Playground equipment can reach dangerous temps during hot days
The temperature in Denver nearly hit triple digits Thursday, but that doesn’t compare to the surface heat recorded in city playgrounds. The Denver Fire Department’s temperature gun found equipment at the Wash Park playground that was dangerously hot.
“Children’s hands would recognize heat quicker than adults because of the calluses on our hands,” explained Denver Fire Capt. Greg Pixley, “The equipment that our kids are playing on needs to be checked first.”
After a few hours in the sun, the playground swings were measured at 151 degrees. The rubber floor under the jungle gym was 160 degrees. According to the American Burn Association, a surface over 140 degrees can take as little as three seconds to cause a second-degree burn.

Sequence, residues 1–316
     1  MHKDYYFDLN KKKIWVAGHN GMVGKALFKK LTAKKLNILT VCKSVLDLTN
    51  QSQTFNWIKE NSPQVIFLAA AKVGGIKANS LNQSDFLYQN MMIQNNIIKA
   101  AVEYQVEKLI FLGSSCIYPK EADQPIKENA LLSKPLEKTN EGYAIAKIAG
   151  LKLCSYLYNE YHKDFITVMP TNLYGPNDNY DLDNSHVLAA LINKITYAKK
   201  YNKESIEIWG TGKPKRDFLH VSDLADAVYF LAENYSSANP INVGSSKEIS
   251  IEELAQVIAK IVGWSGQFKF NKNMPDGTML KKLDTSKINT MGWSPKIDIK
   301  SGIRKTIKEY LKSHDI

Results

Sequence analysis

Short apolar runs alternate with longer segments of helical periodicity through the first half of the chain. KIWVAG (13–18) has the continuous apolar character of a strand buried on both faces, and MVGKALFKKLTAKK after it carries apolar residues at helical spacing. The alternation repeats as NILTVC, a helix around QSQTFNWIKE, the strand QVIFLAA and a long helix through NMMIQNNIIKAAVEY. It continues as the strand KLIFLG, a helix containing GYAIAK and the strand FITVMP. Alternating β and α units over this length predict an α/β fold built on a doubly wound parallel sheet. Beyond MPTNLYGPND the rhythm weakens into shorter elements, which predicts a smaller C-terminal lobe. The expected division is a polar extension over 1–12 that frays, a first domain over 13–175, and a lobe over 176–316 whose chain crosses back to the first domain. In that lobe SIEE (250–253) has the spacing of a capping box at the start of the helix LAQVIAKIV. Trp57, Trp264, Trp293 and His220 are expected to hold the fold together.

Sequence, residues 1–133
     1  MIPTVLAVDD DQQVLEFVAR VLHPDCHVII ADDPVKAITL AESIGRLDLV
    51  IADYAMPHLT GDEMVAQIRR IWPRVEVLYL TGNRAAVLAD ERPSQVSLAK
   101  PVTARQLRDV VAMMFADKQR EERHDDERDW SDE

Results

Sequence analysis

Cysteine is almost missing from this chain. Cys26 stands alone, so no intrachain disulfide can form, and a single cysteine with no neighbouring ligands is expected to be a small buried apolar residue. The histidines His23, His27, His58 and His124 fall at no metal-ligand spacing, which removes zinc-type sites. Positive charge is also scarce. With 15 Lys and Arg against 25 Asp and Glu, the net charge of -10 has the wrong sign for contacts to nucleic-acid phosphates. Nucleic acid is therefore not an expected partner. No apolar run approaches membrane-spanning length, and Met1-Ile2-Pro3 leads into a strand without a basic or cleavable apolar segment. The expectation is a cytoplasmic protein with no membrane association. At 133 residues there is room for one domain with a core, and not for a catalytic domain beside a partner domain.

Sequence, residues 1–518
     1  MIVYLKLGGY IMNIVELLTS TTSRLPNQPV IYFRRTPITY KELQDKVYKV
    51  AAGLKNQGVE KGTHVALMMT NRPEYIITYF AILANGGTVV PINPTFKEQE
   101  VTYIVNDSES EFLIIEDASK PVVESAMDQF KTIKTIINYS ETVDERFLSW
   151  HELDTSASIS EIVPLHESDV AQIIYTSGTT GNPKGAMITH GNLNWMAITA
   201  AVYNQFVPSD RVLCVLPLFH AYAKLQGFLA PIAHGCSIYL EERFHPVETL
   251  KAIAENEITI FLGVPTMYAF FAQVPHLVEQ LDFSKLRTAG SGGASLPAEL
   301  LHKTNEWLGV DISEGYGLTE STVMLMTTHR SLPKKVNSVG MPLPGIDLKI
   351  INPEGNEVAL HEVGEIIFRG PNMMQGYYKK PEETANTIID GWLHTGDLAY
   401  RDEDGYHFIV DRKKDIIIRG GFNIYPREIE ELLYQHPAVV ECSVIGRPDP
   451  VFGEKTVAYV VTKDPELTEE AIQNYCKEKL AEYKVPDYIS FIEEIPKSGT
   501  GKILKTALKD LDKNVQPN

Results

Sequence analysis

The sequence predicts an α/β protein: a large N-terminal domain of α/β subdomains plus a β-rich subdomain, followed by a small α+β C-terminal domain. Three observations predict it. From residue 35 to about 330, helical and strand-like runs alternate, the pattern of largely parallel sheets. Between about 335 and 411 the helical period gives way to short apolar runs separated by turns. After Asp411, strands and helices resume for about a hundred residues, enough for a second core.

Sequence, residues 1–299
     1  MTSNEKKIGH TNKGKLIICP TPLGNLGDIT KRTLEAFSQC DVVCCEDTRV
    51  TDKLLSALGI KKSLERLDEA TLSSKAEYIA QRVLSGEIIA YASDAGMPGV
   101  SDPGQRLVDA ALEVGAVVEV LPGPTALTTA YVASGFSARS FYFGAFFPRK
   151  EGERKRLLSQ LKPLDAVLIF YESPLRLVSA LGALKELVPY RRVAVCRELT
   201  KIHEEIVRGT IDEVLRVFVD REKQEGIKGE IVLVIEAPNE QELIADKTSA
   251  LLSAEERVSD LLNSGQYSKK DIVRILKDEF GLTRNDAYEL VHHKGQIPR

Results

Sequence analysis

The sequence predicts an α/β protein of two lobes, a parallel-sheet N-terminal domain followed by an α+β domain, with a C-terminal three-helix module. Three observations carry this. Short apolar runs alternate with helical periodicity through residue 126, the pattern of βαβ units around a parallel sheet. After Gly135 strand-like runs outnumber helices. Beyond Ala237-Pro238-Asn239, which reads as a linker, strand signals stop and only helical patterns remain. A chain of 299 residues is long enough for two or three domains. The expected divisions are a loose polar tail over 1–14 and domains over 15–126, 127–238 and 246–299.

“It might appear as a sunburn initially. It might just appear as red skin,” said Pixley.
According to the United States Consumer Product Safety Commission, there were about 1,200 emergency department treated injuries involving thermal burns associated with playground equipment between 2010 and 2015.
Children at the playground were limited to what they could do because nearly every surface was too hot to touch.
“The swings are really hot. We’re afraid we’ll get burned because of how hot the slide is!” said Zoe, a summer camp student at the playground.
Water and sunscreen won’t protect kids from the triple digit temperatures they can touch. If she can’t visit a playground with more shade, Zoe plans to bring a towel a place on the slides and the swing the next time she visits Wash Park.
It’s important that children wear shoes when playing outside in extreme heat. If it’s too hot for human feet, then also it’s too hot for your dog’s paws. Pet owners should try to walk their dogs in the grass when possible.